Good News for Tysabri Users Who Are JCV Positive

Good News for Tysabri Users Who Are JCV Positive

MS_Wire_Ed_Tobias

One of the many disease-modifying therapies (DMTs) that I’ve been on over the many years of my treatment for MS is Tysabri (natalizumab). It worked well, holding the progression of my MS at bay for the several years that I received the infusions. I’d probably still be on it today, were it not for the possibility of PML.

Progressive multifocal leukoencephalopathy (PML) is a rare brain infection that usually leads to severe disability or death. Most adults are already infected with a virus called the John Cunningham (JC) virus, which is usually acquired in childhood. People who carry the JC virus are susceptible to PML, but most don’t develop it. However, Tysabri and some other therapies that suppress the immune system are known to increase the risk of PML for those who are JCV-positive after a certain period.

I’m positive for the virus (JCV+). Even so, my neurologist, believing that the PML risk is low at the time a patient begins Tysabri infusions, prescribed the treatment for me. After two years, however, she reduced my infusions from monthly, which is the standard treatment, to every other month. That’s because studies indicated that the PML risk begins to increase after two years of Tysabri infusions.

Longer gaps between infusions may lessen the risk

Now there’s a study that confirms the wisdom of my neurologist’s treatment modification. Researchers at the New York University Langone MS Comprehensive Care Center report that extending the length of time between doses of Tysabri from every four weeks to every five to 12 weeks “significantly reduced the risk of developing” PML. This Langone study didn’t look at whether reducing the treatment frequency impacted the effectiveness of the therapy. However, previous work by the same researchers found that extending the dose up to eight weeks did not negatively affect the medication’s efficacy.

The Langone study’s primary author, Lana Zhovtis Ryerson, MD, considers this a potential treatment changer. “Our safety findings are clinically and statistically significant, and we believe that extending the dosing schedule of natalizumab is practice changing and may save lives,” Ryerson says.

That’s good news for patients who may have ignored a useful MS DMT because of its PML risk. And it proves to me that my neuro knows her stuff.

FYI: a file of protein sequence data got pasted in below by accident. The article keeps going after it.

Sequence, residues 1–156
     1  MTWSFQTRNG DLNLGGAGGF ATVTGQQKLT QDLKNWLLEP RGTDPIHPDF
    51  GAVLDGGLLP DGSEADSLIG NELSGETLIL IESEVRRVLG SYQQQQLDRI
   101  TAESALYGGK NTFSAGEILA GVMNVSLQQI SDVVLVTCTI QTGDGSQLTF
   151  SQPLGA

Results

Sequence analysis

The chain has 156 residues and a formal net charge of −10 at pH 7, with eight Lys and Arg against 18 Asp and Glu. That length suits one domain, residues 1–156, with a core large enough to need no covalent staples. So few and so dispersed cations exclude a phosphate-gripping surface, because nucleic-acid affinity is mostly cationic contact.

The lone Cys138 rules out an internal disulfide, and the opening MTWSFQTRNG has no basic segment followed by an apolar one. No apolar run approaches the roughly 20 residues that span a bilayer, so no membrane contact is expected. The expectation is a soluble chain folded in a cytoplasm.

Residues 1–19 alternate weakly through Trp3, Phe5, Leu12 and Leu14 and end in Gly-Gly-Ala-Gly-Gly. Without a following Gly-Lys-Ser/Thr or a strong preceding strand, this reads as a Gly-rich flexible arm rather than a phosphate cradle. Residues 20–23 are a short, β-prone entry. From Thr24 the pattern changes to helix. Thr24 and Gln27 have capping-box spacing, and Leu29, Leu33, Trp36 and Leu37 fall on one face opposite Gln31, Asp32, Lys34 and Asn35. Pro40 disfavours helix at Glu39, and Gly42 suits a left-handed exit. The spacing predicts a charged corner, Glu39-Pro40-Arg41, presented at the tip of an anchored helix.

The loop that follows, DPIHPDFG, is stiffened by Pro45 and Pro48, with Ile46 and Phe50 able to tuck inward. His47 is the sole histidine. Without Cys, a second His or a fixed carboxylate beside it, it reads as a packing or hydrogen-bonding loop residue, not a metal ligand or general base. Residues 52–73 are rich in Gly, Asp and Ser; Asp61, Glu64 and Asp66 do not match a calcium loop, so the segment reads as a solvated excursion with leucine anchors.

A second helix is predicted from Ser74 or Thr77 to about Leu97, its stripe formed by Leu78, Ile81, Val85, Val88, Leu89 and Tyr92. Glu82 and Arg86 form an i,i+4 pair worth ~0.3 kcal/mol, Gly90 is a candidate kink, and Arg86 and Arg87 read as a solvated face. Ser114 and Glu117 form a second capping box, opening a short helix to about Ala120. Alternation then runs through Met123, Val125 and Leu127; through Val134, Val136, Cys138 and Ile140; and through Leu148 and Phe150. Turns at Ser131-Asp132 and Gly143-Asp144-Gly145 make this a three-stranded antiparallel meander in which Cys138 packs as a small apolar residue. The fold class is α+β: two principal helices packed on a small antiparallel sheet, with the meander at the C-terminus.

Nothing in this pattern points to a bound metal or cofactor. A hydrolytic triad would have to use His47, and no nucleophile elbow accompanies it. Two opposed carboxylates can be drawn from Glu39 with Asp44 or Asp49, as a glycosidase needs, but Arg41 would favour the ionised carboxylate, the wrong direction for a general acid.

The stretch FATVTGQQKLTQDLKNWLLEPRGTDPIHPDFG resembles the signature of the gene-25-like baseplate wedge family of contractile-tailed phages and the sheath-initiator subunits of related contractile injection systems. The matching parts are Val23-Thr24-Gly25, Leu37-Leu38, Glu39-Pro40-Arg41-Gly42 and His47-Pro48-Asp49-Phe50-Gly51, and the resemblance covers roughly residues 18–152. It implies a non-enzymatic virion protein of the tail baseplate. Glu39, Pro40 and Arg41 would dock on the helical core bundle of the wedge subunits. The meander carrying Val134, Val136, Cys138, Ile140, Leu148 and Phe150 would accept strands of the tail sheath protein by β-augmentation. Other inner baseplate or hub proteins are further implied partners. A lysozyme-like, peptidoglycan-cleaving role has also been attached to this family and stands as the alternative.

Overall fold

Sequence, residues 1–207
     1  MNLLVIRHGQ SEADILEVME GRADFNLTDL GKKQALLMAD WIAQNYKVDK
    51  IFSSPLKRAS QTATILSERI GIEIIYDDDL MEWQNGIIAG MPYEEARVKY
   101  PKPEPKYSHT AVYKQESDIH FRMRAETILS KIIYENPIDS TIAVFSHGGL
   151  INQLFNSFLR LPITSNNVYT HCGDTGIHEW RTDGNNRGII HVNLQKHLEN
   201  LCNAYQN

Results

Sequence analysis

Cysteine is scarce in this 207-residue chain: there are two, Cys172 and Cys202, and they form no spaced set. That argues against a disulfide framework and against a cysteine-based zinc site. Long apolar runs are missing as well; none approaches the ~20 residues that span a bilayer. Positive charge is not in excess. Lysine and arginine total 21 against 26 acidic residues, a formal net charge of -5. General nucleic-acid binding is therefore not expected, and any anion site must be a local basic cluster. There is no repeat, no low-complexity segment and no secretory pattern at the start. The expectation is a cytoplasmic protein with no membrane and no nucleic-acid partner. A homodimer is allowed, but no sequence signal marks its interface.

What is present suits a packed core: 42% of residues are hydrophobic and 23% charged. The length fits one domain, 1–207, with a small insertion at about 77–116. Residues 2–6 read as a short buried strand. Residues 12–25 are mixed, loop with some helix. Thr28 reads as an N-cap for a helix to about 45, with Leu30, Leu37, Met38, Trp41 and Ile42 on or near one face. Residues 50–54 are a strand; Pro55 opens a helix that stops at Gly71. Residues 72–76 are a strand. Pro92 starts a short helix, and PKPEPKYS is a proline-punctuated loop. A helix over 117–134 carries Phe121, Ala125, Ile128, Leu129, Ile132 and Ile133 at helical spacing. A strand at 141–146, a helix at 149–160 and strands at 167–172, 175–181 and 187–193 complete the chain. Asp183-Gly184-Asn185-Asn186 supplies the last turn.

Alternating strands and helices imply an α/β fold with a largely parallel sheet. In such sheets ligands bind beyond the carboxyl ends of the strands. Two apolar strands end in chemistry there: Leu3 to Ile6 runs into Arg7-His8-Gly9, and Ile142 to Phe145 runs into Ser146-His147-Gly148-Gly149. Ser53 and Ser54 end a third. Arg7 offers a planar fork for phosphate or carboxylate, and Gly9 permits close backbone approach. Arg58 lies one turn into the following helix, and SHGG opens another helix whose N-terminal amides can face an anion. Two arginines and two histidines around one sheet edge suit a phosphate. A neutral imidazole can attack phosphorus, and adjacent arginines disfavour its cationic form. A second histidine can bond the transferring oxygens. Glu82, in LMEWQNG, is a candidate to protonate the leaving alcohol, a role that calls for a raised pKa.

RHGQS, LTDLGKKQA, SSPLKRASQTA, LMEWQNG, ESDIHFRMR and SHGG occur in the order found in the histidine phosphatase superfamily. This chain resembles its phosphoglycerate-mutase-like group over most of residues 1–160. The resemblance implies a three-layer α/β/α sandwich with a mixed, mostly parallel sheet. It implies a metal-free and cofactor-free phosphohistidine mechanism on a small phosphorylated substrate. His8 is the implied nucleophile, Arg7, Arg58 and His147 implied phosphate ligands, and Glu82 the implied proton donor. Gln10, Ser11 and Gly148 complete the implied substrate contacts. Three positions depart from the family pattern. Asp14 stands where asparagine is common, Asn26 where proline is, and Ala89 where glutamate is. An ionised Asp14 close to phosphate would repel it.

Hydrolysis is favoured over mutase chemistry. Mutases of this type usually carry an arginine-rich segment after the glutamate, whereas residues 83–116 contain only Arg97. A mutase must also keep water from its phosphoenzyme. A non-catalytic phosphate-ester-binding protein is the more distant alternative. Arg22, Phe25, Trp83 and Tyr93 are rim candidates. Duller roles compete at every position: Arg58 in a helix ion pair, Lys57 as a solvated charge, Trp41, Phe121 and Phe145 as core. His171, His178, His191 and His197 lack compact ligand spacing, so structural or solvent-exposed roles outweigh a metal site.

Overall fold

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10 comments

  1. Becca says:

    I’m doing the 8-week infusions, too. I’ve gone 6 months with this schedule, and so far so good. I haven’t found anything (rebif, copaxone, tecfidera, etc) to work near as well as tysabri so this is welcome news!

  2. Mayvår Sjøberg says:

    I reacted to the first dose, so we pushed time between doses to 6 weeks and infused over two hours with IV fluids prior (and pre-meds). I’ve been fine since. I’m glad to have a neurologist like mine!

  3. Cynthia says:

    I was on Tysabri for 6 years and was JCV positive. I went monthly up until June 1, 2018. My numbers from the blood work was good that test for the JCV. He told me that I had to stop because the FDA stated that I have gone past the required doses (72). The medicine was working for me really good. I cried because he placed me on a drug that I did not like because it smelled like marijuana every time I broke the seal. so now I am not on anything because I am JCV Positive.

    • Ed Tobias says:

      Hi Cynthia,

      There are about 15 disease-modifying therapies available in the US. For most of them being JCV positive isn’t a concern. Have you asked your neurologist about any others?

      Ed

  4. NIQUE says:

    If I have to go extend the days before I get my next infusion, I would be disheartened. A week and a few dsys before my next treatment my symptoms are extremely worse.

    • Ed Tobias says:

      Hi Nique,

      You’re not alone. I’ve heard of many people who feel poorly just before they’re due for their next Tysabri infusion. Fortunately, I didn’t have that problem so extending the time between infusions didn’t bother me. Eventually, however, my JCV titer score rose to a level where I needed to switch to a different DMT.

      Ed

      • Shannan says:

        Did you change to Ocrevus? I have been on Tysabri 12 years and my JCV titer indicates I should switch, but I’ve read so many concerning comments about that drug.

        • Ed Tobias says:

          Hi Shannan,

          After Tysabri I went to Aubagio. For financial reasons I later changed to Lemtrada, and have finished two rounds of that med. Aubagio worked well for me. I think that Lemtrada has worked even better.

          I’ve heard good things about the effectiveness of Ocrevus but I don’t have any personal experience with it. Keep in mind that all of our medications carry some risk. You and your neurologist have to balance out the potential reward compared with the possible risk.

          Keep in mind of the “concerning comments” you’ve read come from Facebook groups it’s generally the case that more people take the time to write complaints than those who take the time to write positive posts.

          Good luck,

          Ed

    • kristen says:

      Hi Nique,
      I have been taking tysabri for 2 years now. I found that when I am given more fluids it makes getting to the next infusion like a ordinary day. no more counting the days from 21-28.
      Ask for more fluids

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